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  • Writer's pictureInger and Jeff Latreille

Miles Upon Miles

~Saturday, July 31, 2021~

Day 412 (Travel Day)

Last day of July and our last day in Michigan. Wow, the U.P. of Michigan really exceeded our expectations, which were already high. We’ll absolutely be back to take in more of Pictured Rocks, more hikes, more waterfalls and views of the Great Lakes. The places we stayed and the people we met along the way were absolutely wonderful. McLain State Park wins the #1 spot for camping in the U.P. region, at least for us. You just can’t beat a better lake view than we had from our campsite, and we just simply liked the energy of the place.

Today we’re headed to a new state for us…..Wisconsin! We’re excited to be using our Boondocker’s Welcome membership with our stay at “Peace and Quiet” in Washburn, WI. The drive….about 3 hours and gaining an hour since we’ll be in the eastern side of the central time zone.

And.....we turned over 40,000 miles on "Hank"!! Wow, and to think it's only been a little over a year. We've definitely covered a lot of ground.

Many Boondocker hosts prefer when mentioning them, you keep to their host name which in this case is “Peace and Quiet”. They’ve been terrific in their communication leading up to our stay. The reason we chose Washburn is due to its proximity to the Apostle Islands and it was kind of on the way to Illinois where we’ll be visiting family again in the next week or so.

Before leaving our campsite at McLain, we were contemplating whether to fill up our fresh water tanks there, but that would have meant carrying another 400 lbs. in the rig which is not ideal. And our Boondocker hosts assured us that we could either use their water with a filter or get water from an Artesian Well in Washburn.

About 1 hour into our drive, we noticed the skies getting smokier which prompted me to look up the culprit. It appears any smoke headed in this direction is a culmination of fires in the West and Canada. So sad that these fires are worsening every year with the expectation that clear blue skies in the summer are a thing of the past.

Once we got closer to Washburn, we decided to get fresh water at a local campground called Thompson’s West End Park, which allowed non-guests to use their water and dump station facilities (a rarity). It wasn’t hard to find the “fill-up” spot as we must have seen 3 or 4 cars parked nearby with people unloading containers of all sizes to get their drinking water. And these were not guests of the park. This Artesian well produces some of the cleanest, purist, water you can find. As we filled up our clear collapsible bottles (5 gallons each), we couldn’t get over just how clear the water was and no filter! And it’s free for all to use. But this particular well is historic. The Sprague Well, believed to be the first drilled Artesian well in Bayfield County, was completed at 119 feet in 1903 by Monroe Sprague at what was once the Sprague Lumber Co. Early on, the flow was recorded at 224/gallons/minute. Then in 1956, the flow was measured at 54 gal./min. Artesian wells have enough pressure to bring water up to the surface on their own, as opposed to standard wells which require a pump. The water that is unused just trickles back down to the source. Apparently, these little gems are numerous in the area. It really astounded us that we could simply walk up to a pipe that runs 24/7 and have the luxury of getting fresh, free water to our heart’s content. A little hard to digest when you know what’s going on with the limited water 💧supply in the western part of the U.S. 🤔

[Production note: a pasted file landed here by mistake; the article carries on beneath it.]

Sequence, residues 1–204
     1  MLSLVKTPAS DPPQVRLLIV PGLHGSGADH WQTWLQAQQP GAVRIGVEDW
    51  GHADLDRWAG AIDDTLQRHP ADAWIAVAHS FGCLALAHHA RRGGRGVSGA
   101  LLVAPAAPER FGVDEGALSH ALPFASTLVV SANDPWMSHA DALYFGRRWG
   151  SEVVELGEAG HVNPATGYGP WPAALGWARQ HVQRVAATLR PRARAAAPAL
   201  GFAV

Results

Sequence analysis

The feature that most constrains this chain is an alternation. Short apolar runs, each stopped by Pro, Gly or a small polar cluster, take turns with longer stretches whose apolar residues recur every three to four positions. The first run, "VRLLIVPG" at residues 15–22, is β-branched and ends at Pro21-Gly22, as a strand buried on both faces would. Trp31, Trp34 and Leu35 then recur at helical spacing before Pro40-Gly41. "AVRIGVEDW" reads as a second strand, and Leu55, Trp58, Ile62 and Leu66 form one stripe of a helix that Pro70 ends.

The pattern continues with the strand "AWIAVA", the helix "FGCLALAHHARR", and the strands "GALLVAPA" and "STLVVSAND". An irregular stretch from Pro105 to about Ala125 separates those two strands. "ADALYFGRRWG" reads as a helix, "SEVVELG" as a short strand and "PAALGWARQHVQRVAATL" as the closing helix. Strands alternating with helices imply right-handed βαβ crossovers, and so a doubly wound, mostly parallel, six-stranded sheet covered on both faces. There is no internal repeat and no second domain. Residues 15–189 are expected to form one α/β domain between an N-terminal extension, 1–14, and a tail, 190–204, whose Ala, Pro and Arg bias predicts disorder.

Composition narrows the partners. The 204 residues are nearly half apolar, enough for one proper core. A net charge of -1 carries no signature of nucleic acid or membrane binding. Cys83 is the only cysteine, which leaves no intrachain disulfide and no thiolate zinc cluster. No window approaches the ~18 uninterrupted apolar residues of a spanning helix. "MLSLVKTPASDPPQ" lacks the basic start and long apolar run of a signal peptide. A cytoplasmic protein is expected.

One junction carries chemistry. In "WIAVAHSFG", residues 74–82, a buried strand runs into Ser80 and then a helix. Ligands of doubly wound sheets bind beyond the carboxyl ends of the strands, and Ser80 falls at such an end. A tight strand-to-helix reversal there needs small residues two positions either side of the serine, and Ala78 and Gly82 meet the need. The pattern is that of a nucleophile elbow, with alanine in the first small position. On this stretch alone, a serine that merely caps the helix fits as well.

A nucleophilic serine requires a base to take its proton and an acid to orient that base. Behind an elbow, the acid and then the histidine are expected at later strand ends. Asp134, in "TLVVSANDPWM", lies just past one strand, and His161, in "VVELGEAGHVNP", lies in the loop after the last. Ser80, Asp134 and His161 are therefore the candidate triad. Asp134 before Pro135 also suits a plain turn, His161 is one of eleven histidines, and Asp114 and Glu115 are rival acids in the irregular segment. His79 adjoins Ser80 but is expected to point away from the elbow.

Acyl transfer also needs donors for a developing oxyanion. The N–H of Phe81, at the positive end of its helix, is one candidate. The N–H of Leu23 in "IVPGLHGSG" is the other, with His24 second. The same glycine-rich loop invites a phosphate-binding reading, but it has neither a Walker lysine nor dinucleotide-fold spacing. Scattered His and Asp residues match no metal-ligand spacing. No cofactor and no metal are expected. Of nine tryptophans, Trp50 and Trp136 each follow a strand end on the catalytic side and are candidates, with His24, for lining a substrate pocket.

Our host’s directions were perfect. About 10 minutes from downtown Washburn, we were suddenly in a dense forest setting. Their property backs right up to a national forest, where on one side of the road are perfectly aligned evergreen trees and on the opposing side, deciduous trees. Luckily, the road we needed to turn off of to get into our spot in the forest, was lightly traveled. We even had time to inspect the location before backing in the trailer. Ah, so nice to be in “Peace and Quiet” as their name describes. Most of the Boondocker Welcome locations we’ve stayed at have the owner’s home within view. In this case, we feel like we’re in our own secluded spot as their “home” is out of our line of sight. Just in the first few minutes of arriving, we realized just how much we’ve missed boondocking. The location is perfect. We even have a picnic table and plenty of room to move about. Sadie couldn’t be more thrilled as she has the whole forest to herself. Our host even left a box filled with maps, a journal, and notes of all things to do in the area. Perfect!! We have our sightseeing work cut out for us since we have a very short time to visit.

Within just a few minutes of our arrival, our host appeared from the forest (there’s a nice walking path from their location) to welcome us. So nice to chat and in fact, found we had many things in common…..we both like to sew (she’s a quilter), they too, own a Lance Trailer, they are full-time RV’ers on their 40-acre property here, and we LOVE dogs! She and her husband own 3 Samoyeds and 1 other dog. In fact, during their winters, they enjoy sledding, being pulled by their 4-legged family members. How cool is that?

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